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Honoring the Legacy of Martin Luther King Jr.

“I have decided to stick with love. Hate is too great a burden to bear.” – Martin Luther King Jr.


Today our country honors the legacy of civil rights leader Martin Luther King, Jr., who advocated for nonviolent resistance to racial injustice. 

photo-mlkj-standing.jpg“Dr. King maintained a vision for a more diverse America where all people enjoyed the benefits of equality,” writes the National Civil Rights Museum. “Dr. King’s leadership contributed to the overall success of the civil rights movement in the mid-1900s and continues to impact civil rights movements in the present.”

Though King’s dedication and advocacy helped lead to the passage of the Civil Rights Act of 1964 — ending the legal separation of people by race in public places and banning job discrimination based on race, color, religion or national origin — racial injustice continues to be an issue today. 
 
“While King and other leaders generated momentous strides for equality, the push for civil rights remains a preeminent challenge today,” the museum states. “We continue to experience poverty in the inner cities. We continue to fight for equal pay regardless of gender or race. We continue to battle education inequality. We continue to call for justice for all.”

Nonotuck Resource Associates recognizes the continuing struggle for racial justice. In a time when everything around us feels so divided, we are listening to the words of King and sticking with love. This week, Nonotuck is having a weeklong celebration of King, sharing different ways we can learn about, celebrate, and reflect on his life, legacy and teachings. 
 
All week, we are encouraging members of the Nonotuck community to research and learn about King. Here are some great places to start:

On Monday, we encourage members of the Nonotuck community to attend a virtual event celebrating King.

  • The National Civil Rights Museum’s King Day 2021 Virtual Event, taking place at 1 p.m. and 7 p.m., will feature musical performances by Memphis musicians, a children's storytime reading and scholarly insight of King's life and legacy with Dr. Hasan Jeffries. Register here.
  • The Museum of Fine Arts Boston is hosting an event from 5-6 p.m. titled “Voices on King.” Streaming on Facebook and YouTube, the event brings together nonprofit, corporate, and community leaders to share their personal reflections on the current impact and lasting legacies of Dr. King and Mrs. Coretta Scott King. The event also features artistic performances.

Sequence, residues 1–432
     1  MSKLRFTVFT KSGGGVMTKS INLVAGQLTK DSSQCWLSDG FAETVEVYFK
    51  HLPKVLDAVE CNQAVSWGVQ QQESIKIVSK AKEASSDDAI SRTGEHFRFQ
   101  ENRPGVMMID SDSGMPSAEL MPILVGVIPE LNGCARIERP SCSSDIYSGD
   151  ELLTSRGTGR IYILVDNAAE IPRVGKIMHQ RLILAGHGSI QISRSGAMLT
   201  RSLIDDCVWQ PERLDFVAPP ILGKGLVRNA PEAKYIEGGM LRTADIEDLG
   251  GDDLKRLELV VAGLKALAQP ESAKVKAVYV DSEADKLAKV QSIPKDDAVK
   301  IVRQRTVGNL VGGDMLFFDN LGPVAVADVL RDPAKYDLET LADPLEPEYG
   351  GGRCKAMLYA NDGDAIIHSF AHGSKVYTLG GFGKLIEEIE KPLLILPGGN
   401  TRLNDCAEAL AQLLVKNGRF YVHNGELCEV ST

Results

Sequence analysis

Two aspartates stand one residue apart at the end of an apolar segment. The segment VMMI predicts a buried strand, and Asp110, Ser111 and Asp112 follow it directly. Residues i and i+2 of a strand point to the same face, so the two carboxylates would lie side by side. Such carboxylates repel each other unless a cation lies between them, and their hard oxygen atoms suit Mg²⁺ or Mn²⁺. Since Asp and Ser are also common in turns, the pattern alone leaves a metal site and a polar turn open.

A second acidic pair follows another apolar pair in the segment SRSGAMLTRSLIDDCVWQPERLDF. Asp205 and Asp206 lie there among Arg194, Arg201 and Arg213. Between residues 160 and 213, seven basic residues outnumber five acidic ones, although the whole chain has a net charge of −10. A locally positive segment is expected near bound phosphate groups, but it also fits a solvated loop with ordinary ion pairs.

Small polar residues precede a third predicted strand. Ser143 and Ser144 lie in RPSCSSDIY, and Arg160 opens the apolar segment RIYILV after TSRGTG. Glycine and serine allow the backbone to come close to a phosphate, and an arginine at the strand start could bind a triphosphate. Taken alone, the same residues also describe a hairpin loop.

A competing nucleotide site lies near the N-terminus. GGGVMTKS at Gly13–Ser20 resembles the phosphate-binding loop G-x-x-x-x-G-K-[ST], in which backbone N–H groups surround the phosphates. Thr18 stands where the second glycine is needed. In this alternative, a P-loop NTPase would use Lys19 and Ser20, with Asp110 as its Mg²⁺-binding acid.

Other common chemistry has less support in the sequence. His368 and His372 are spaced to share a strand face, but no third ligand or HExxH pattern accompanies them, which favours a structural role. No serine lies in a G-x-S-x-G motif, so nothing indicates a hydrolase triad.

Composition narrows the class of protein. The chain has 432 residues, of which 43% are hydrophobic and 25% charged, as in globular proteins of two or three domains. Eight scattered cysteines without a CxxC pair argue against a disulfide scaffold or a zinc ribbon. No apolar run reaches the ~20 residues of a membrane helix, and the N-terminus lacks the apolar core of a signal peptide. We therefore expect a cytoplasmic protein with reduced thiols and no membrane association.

On Tuesday, the National Day of Racial Healing, we suggest members of the Nonotuck community attend a virtual event at 3 p.m. for essential and timely conversations on racial healing, equity and justice. Learn more and RSVP here.

On Wednesday, we encourage members of the Nonotuck community to watch a documentary about Dr. King. Here are some good options:

  • Clarendon Learning’s “Martin Luther King Jr for Kids” is a family friendly option available on YouTube. 
  • PBS offers suggestions on three other documentaries to watch here.

On Thursday, we suggest members of the Nonotuck community listen close their eyes and listen to King’s important I Have A Dream Speech in its entirety.

On Friday, we’re offering staff an opportunity to come together virtually to reflect on the teachings of King and all that we have learned and experienced throughout the week. This is a time to share how King has impacted us as a community. 

Nonotuck is committed to honoring employees and clients of all backgrounds and walks of life. We show up and stand up for each other in ways both big and small, and will continue to support the cause of racial justice and anti-racism in 2021.

“(Through shared living) people with a disability experience a real transformation and discover confidence in themselves; they discover their capacity to make choices, and also find a certain liberty and above all their dignity as human beings.”

—Jean Vanier

Caregiving with Love:
Guide for Shared Living Providers

Learn how Nonotuck developed a love-based ideology of care. We started our shared living program as an alternative to group homes for people with disabilities. Instead, Shared Living creates genuine life transformation for people with disabilities, as well as families and communities. The true power of caregiving is found through hospitality, authenticity, and love.

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